Cordless phones - better to get one, no matter the size, with a headset jack. That way you can easily talk on the phone without having to try to balance anything on your neck.

Small is better this way, since then the phone can get tucked into a pocket while you move around and you can still talk on it.

Bike seats - The newer seats are more uncomfortable, but they probably sell better... There seems to be this entire 'biker chic' trend going on. I see middle-aged men & women outfitted like bike racers (bright colors, racing-style bikes, etc) peddling around my neighborhood. None of them would stand a chance in a real race, but they buy the 'real' equipment.

Park Benches - don't know, maybe a matter of cost rather then design?

Wednesday, September 24, 2003

The type of bike you are looking for is called a hybrid or comfort bike.  It has an upright geometry and a softer seat and is made for casual riding.  Bike saddles are hard because too much padding actually is uncomfortable once your sit bones become accustomed to the sadle.  I started riding on a comfort bike, a Raleigh R400, with a padded seat and switched to a road bike about 6 months later, after riding the road bike with a traditional saddle for a couple of months the saddle on the comfort bike was so uncomfortable I couldn't ride it for more than 45 minutes at a time.

Just because a design doesn't fit your needs doesn't make it a bad design, it just makes it a bad design for you...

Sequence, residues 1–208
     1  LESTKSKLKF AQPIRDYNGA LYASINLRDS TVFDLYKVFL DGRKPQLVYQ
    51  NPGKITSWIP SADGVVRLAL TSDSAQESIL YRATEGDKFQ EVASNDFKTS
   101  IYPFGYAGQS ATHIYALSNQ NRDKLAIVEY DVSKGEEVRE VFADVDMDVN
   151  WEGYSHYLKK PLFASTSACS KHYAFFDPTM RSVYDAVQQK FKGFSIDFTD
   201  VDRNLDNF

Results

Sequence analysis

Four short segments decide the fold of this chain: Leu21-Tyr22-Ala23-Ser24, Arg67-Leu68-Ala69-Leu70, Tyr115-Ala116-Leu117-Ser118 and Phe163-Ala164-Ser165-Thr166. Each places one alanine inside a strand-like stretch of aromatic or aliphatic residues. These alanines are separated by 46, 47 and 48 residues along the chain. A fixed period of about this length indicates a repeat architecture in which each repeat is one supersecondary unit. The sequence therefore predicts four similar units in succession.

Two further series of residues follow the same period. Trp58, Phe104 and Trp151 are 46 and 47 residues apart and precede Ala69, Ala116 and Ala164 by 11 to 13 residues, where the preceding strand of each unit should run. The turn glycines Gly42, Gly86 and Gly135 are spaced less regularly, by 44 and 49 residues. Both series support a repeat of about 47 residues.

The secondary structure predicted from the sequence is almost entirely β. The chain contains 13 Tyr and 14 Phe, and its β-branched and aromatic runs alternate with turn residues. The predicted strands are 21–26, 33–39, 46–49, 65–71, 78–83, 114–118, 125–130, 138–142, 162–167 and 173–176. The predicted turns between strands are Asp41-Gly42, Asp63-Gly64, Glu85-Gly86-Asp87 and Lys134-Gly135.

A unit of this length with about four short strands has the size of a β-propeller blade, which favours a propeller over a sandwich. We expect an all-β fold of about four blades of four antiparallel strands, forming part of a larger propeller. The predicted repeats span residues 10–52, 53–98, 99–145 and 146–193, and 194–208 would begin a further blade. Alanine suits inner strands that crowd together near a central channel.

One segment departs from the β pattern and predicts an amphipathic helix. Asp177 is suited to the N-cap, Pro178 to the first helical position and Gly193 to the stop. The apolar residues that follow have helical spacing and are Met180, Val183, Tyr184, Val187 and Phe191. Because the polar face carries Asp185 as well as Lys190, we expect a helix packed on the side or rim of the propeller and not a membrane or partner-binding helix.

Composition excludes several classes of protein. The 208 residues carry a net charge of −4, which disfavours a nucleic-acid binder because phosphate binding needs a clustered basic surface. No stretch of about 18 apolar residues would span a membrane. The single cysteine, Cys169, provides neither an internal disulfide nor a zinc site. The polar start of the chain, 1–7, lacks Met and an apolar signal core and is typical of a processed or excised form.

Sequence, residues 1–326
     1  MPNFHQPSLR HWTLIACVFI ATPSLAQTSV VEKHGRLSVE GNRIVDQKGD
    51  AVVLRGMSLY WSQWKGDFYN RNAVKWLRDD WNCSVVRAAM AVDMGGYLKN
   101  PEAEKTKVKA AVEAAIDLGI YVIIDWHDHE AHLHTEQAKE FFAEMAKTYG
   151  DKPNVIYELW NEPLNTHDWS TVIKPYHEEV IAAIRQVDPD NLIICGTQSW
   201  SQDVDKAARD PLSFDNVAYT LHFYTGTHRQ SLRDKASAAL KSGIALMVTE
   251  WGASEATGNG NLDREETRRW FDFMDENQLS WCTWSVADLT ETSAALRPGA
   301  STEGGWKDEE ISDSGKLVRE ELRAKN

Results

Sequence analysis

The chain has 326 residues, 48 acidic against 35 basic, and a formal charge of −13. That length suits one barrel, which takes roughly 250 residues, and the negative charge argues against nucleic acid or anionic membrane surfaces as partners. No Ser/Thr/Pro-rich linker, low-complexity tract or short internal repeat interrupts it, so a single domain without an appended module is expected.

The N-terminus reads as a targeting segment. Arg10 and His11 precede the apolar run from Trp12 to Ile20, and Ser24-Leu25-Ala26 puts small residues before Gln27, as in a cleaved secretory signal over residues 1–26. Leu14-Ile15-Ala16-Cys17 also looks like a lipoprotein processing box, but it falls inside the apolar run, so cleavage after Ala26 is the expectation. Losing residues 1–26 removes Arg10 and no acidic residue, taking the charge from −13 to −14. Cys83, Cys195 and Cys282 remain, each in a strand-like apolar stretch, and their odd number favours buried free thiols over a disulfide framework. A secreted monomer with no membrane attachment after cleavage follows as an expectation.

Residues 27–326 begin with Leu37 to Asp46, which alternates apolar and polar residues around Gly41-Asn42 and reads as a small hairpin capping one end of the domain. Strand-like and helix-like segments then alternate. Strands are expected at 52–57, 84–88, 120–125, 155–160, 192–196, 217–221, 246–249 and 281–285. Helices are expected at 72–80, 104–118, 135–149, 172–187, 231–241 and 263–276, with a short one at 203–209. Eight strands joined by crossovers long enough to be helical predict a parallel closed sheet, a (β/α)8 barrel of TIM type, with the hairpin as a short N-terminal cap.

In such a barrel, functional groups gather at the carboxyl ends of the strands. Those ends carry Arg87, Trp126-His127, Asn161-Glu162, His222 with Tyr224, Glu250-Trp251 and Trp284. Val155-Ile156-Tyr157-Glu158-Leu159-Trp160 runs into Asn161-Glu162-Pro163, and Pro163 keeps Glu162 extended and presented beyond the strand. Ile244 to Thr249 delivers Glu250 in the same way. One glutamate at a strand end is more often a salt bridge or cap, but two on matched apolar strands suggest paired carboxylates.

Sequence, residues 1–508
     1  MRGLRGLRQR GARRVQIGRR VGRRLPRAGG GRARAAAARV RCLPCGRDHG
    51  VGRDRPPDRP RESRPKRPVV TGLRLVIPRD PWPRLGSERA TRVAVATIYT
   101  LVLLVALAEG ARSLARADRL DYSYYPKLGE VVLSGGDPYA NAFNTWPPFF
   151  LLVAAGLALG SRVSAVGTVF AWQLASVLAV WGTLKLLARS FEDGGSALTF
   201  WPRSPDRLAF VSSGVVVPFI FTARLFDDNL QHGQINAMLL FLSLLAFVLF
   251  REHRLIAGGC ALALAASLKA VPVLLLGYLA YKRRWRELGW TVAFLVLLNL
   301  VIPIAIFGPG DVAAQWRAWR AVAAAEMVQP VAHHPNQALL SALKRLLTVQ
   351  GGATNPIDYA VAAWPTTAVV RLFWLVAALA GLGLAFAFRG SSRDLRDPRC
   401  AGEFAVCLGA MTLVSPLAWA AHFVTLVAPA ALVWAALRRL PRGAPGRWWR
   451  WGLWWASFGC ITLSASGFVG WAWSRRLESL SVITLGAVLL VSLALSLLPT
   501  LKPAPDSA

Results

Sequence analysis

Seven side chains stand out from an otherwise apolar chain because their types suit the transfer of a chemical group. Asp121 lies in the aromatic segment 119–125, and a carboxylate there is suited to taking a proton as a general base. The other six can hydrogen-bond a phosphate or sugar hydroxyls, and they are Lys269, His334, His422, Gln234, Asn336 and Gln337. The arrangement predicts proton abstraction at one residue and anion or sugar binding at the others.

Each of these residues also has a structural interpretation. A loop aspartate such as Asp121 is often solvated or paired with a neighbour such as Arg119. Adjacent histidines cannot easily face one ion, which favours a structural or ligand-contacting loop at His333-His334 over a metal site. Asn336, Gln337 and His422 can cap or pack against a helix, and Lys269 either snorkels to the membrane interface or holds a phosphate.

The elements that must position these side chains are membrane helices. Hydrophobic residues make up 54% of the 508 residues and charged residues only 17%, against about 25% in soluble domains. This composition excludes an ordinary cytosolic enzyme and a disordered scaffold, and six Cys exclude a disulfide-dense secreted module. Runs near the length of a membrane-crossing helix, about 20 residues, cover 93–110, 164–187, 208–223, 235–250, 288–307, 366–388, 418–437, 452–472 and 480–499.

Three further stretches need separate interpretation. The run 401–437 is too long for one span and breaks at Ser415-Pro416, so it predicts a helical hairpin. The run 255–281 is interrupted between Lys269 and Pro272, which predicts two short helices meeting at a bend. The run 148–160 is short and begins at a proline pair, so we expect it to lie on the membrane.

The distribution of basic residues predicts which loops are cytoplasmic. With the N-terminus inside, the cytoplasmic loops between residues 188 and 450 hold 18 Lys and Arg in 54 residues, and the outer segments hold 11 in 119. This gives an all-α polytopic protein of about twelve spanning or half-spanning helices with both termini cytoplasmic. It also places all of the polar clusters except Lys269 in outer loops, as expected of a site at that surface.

Wednesday, September 24, 2003

Phones - I agree. I have an idea for a product - an inflatable phone cradle so you can put a small cell phone in the crick of your neck to talk. This would also work for your regular phone. I have no intention of marketing this, so someone please steal the idea.

Bike seats - for better or worse, the market for bikes is wannbe racers. There are some comfortable seats out there. I have a gell filled seat that is ok and I coworker has a bike that has shock absorber built into the seat post.

Park Benches - This is a feature not a bug. You don't want a park bench to be too comfortable. Someone might want to sleep on it.

Wednesday, September 24, 2003

When I work at home, I use a good quality speaker phone (hard to find and expensive). It is so much easier than headsets and acrobatics with the phone on your shoulder. Second choice would be a headset.

Wednesday, September 24, 2003

Also on bike seats.  Those little racing style bike seats can be incredibly comfortable once you've broken them in.

Best bike seat I ever hade was basically just hard leather on steel rails.  It was uncomfortable as heck the first 75 miles or so, but after about 300 miles it fit like a wallet.

Guys will know what I mean.

No idea what you mean about park benches though, we don't bother building parks out here in the country.  Hell the whole county is a park.

Steve Barbour
Wednesday, September 24, 2003

Bike seats:

Those that have no center like an elongated donut are supposed to be the best...also concider geting a seat cover.  I used to have a Spenco Seat cover...very comfortable.